What appears to be becoming more evident is that businesses are using bonuses in efforts to assist in staff retention while keeping growth in wages in check. The WPI measures including bonuses continued to lift in Q3 in both the private and public sectors.


Looking across the industries, the momentum is split with equal numbers of industries where wages growth is either below or above the national headline rate of 2.29%. Wages growth remains strongest in the healthcare sector, which has also experienced strong employment growth in line with the rollout of the Federal government's National Disability Insurance Scheme. At the other end of the scale, mining was able to lift off the floor of the table, possibly a reflection of increased profitability in the sector following surging commodity prices.  


Analysis of the state-level WPI data is presented in the chart, below. An important point to note is that growth in public sector wages outpaces that in the private sector in New South Wales, Victoria, Queensland, and South Australia. Tasmania is the only state where this trend is reversed.    


Wage Price Index — Q3 | Insights  

The pace of Australian wages growth remains subdued indicating that further strengthening in the labour market will be required to help drive stronger increases. While the nation's unemployment rate declined to its lowest in more than 6 years at 5% — historically considered to be around the level of full employment — in September, broader measures of labour market underutilisation remain elevated.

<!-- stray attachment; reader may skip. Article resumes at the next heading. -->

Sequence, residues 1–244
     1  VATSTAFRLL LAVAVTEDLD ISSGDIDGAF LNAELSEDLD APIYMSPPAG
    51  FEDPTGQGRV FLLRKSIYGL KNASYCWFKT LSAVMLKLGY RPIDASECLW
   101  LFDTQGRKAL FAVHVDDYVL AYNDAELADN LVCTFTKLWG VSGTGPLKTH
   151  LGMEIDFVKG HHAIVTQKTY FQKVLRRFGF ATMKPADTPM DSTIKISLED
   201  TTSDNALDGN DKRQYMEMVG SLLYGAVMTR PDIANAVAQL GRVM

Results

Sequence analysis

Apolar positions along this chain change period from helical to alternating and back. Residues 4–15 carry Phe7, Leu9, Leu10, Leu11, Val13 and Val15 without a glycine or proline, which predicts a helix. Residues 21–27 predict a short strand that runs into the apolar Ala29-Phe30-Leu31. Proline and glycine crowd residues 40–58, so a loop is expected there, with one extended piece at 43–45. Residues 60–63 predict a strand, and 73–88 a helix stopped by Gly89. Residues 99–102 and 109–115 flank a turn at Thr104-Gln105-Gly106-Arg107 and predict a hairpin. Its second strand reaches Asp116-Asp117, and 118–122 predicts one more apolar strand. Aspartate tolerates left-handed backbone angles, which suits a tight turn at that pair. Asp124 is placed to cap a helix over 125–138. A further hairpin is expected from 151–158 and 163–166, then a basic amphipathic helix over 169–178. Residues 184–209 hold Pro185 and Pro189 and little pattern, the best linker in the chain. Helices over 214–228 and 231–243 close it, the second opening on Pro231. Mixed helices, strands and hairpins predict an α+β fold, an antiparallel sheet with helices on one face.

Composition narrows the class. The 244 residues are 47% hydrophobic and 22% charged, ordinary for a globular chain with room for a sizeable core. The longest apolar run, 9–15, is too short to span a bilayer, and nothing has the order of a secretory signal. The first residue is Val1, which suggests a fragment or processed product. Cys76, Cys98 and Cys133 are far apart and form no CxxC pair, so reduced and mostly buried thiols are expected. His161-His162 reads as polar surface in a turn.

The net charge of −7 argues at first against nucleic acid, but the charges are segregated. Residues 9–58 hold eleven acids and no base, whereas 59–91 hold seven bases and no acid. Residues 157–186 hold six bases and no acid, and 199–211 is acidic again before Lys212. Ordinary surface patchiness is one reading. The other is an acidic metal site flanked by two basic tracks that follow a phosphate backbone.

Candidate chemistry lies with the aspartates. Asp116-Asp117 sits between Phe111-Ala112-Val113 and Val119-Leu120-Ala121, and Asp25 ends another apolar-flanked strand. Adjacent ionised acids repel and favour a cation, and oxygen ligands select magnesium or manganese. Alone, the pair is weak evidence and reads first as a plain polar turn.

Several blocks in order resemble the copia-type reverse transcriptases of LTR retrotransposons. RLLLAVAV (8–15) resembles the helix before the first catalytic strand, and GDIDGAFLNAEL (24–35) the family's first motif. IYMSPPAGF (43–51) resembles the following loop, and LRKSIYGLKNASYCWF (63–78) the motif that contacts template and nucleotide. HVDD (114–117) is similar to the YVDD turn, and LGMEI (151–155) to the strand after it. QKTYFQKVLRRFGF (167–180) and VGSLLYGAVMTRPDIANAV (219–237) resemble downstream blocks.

Recent global experiences, particularly in the US, have suggested that unemployment rates have had to decline well below previously estimated levels of full employment to generate strong rates of wages growth, so this is also likely to be the case for Australia. This appears to be consistent with the Reserve Bank of Australia's expectations, with their commentary continuing to highlight that it anticipates that stronger wages growth will occur only gradually as labour market conditions tighten. The ABS will release its Labour Force Survey for October tomorrow (15/11).         

Friday, November 9, 2018

Weekly note (9/11) | Markets take it as it comes

There was plenty for markets to work through over the past week including the US midterm elections and central bank meetings, though things turned out mainly as expected and most equity markets were able to extend on the rally from the previous week. Volatility in financial markets remains elevated but is well down from the highs seen during October. 

US markets were able to post strong gains again this week, having now recovered approximately half of the heavy declines recorded in October as the detail of the corporate reporting season, in general, remains strong. Meanwhile, European markets have not recovered as quickly, weighed by slowing economic data, Brexit uncertainty and concerns regarding Italy's budget situation. Closer to home, China's major markets gave back the gains achieved last week as concerns over a slowing growth outlook weakened sentiment, which also impacted Hong Kong's Hang Seng index, falling by around 3.3% on the week. In Australia, the benchmark ASX200 index added around 1.2% following last week's 3.3% rally, with the financial, IT and consumer staples sectors all gaining more than 2%.